This is exactly what educators at George West High School have been working on for the past two years with their innovative STARS (South Texas Astronomical Research for Students) program.
“It has widely been assumed that scientific research and especially astronomical research was an endeavor to be pursued at the university level, and even then primarily by graduate students, certainly not at the high school level. STARS challenges that notion.”
Research Ranch Cultivates Learning
STARS is not limited to astronomy. At Research Ranch, tiny ranch by Texas standards of only 34 acres, introduces students to real research in the following fields of study:
- Solar energy to electricity conversion
- Materials engineering
- New techniques in ranching (the solar ranch)
According to the report, in the first two years of this project all the areas above demonstrated tremendous progress in regards to research. Current efforts continue to focus the project primarily on astronomy, materials engineering, and solar energy.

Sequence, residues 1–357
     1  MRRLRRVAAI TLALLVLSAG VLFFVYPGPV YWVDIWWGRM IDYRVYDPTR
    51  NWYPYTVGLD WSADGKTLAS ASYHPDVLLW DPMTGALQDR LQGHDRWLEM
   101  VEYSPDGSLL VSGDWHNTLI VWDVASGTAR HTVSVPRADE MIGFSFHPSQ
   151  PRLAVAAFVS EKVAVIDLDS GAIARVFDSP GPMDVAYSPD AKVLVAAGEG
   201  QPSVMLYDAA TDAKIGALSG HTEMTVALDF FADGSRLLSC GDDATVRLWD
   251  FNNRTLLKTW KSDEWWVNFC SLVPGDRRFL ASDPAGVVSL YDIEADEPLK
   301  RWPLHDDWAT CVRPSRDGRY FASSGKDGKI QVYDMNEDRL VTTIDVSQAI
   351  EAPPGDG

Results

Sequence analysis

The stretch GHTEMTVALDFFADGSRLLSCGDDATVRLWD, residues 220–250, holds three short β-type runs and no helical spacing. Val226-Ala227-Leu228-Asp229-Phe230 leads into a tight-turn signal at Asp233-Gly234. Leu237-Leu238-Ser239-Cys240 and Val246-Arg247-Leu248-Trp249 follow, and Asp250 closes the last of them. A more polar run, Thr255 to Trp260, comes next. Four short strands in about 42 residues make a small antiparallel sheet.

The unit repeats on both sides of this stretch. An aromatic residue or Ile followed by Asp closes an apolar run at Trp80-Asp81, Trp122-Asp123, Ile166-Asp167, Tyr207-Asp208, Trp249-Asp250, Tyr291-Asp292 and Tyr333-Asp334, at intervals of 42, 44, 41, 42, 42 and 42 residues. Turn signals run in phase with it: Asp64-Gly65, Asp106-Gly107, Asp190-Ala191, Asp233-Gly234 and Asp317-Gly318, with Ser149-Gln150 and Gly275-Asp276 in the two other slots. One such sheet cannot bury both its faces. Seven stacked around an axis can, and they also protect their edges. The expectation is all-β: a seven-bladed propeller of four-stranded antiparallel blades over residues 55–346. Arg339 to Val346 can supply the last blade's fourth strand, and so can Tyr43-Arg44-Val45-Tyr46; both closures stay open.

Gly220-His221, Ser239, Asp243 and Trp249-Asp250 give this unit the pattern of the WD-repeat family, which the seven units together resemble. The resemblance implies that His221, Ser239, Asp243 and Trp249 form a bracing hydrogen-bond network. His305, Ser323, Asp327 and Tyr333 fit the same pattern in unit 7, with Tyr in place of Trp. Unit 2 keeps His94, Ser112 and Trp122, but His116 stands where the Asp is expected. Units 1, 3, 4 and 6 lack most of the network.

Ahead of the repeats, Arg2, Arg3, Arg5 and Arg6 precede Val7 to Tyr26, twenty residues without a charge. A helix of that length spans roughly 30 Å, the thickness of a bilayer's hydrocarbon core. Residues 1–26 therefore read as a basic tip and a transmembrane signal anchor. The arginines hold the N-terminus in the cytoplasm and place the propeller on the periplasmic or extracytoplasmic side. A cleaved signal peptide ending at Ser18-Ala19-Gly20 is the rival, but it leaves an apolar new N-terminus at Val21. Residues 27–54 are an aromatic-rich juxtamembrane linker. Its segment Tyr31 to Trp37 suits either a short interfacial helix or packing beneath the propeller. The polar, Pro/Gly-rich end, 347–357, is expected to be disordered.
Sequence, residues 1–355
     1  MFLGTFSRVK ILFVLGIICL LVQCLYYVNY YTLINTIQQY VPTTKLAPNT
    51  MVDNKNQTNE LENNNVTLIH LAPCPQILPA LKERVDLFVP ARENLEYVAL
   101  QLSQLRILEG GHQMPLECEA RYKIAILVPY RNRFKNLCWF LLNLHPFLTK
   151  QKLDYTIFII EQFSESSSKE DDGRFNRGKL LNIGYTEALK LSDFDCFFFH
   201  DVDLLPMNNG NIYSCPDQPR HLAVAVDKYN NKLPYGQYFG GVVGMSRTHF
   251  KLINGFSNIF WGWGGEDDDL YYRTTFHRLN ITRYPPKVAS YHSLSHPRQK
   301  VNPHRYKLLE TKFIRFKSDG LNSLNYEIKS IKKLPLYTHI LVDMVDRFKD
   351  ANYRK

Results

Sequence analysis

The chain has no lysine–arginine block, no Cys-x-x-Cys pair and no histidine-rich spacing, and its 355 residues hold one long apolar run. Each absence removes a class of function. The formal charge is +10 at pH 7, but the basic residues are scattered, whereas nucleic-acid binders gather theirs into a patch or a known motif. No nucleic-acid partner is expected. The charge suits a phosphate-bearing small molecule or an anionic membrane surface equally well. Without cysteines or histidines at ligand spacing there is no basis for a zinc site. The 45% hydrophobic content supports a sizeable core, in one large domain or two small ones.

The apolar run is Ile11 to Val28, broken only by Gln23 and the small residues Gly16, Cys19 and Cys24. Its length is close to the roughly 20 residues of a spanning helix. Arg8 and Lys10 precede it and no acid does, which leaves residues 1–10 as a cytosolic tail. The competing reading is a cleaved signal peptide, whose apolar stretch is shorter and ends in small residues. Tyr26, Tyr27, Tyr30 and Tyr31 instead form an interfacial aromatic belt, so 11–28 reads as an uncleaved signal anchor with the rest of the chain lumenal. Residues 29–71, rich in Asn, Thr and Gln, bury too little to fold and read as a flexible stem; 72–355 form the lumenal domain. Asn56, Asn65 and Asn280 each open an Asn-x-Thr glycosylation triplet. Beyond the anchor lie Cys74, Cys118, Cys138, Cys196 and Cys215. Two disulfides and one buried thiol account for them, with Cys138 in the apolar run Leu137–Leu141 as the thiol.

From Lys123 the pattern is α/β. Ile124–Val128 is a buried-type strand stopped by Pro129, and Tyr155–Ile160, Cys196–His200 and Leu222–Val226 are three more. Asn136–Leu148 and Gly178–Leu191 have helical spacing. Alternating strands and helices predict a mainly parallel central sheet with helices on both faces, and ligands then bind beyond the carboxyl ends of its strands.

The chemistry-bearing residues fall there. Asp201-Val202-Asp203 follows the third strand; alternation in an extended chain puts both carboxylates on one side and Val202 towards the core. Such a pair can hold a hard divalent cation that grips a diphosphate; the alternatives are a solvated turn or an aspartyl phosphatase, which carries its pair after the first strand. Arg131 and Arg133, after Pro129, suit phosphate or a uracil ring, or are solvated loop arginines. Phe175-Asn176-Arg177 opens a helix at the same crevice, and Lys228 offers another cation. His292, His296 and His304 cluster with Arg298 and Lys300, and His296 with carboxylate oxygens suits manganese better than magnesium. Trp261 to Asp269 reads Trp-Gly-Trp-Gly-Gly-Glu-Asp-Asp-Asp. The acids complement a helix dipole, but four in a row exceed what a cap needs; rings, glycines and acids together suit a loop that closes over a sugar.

A Converted Marching Band Trailer becomes a Mobile Astronomical Observatory
One of the most exciting developments of the past year was the STARS observatory telescope coming fully online to fully begin the program. It’s housed in the Mobile Astronomical Observatory, an 8 by 16 foot, 30-year-old converted marching band trailer.
This year saw the final steps of the transformation into a scientific research facility. Even receiving a brand new coat of paint and its official logo as the school year began.
The mobile observatory is divided into a control room and telescope room section. Most of the student researcher’s time is spent in the control room which is climate controlled.